Meneses, Eloise, Lindy Backues, David Bronkema, Eric Flett, and Benjamin L. Hartley. 2014. Engaging the Religiously Committed Other: Anthropologists and Theologians in Dialogue. Current Anthropology. Preprint – issue, volume, page not available.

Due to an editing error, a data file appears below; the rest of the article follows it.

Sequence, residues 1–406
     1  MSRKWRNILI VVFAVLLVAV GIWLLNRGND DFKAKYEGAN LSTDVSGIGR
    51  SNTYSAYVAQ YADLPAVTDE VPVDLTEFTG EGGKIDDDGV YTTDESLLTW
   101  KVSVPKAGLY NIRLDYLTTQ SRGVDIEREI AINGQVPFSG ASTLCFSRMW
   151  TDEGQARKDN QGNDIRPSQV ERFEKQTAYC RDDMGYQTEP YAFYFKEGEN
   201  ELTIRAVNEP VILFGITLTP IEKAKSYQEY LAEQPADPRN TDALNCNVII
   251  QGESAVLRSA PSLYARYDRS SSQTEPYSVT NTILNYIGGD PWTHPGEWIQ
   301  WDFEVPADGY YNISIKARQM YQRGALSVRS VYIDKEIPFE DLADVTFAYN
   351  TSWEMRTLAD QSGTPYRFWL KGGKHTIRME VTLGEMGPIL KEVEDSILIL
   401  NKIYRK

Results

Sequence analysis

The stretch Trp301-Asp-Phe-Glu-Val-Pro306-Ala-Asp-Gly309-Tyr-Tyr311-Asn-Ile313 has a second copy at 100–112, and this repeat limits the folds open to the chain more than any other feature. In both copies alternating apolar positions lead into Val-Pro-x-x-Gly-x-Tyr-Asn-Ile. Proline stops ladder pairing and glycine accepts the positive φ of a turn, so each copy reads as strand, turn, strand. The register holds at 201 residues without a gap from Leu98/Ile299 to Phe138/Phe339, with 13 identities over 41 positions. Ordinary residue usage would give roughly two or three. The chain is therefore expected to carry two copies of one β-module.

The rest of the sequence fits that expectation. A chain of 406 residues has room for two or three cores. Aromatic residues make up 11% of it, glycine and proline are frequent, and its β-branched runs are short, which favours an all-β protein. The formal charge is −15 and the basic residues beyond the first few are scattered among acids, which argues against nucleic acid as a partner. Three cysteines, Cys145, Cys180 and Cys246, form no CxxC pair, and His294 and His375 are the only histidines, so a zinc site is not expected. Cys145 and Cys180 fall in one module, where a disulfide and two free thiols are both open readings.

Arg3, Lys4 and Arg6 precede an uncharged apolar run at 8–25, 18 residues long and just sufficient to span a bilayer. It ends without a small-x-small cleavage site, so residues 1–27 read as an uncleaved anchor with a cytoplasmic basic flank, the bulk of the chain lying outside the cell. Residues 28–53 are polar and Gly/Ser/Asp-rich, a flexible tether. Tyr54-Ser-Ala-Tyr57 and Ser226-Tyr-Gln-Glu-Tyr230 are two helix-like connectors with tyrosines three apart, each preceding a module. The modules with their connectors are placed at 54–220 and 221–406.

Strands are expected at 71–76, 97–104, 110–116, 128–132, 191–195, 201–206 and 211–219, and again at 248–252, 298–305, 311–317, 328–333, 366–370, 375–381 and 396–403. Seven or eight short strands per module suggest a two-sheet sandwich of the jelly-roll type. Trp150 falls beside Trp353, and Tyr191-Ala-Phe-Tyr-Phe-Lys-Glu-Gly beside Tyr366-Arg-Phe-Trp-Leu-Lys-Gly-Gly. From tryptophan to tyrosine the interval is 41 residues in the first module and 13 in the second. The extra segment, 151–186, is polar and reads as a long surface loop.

Abstract: Anthropology has two tasks: the scientific task of studying human beings and the instrumental task of promoting human flourishing. To date, the scientific task has been constrained by secularism, and the instrumental task by the philosophy and values of liberalism. These constraints have caused religiously based scholarship to be excluded from anthropology’s discourse, to the detriment of both tasks. The call for papers for the 2009 meetings of the American Anthropological Association (AAA) recognized the need to “push the field’s epistemological and presentational conventions” in order to reach anthropology’s various publics. Religious thought has much to say about the human condition. It can expand the discourse in ways that provide explanatory value as well as moral purpose and hope. We propose an epistemology of witness for dialogue between anthropologists and theologians, and we demonstrate the value added with an example: the problem of violence.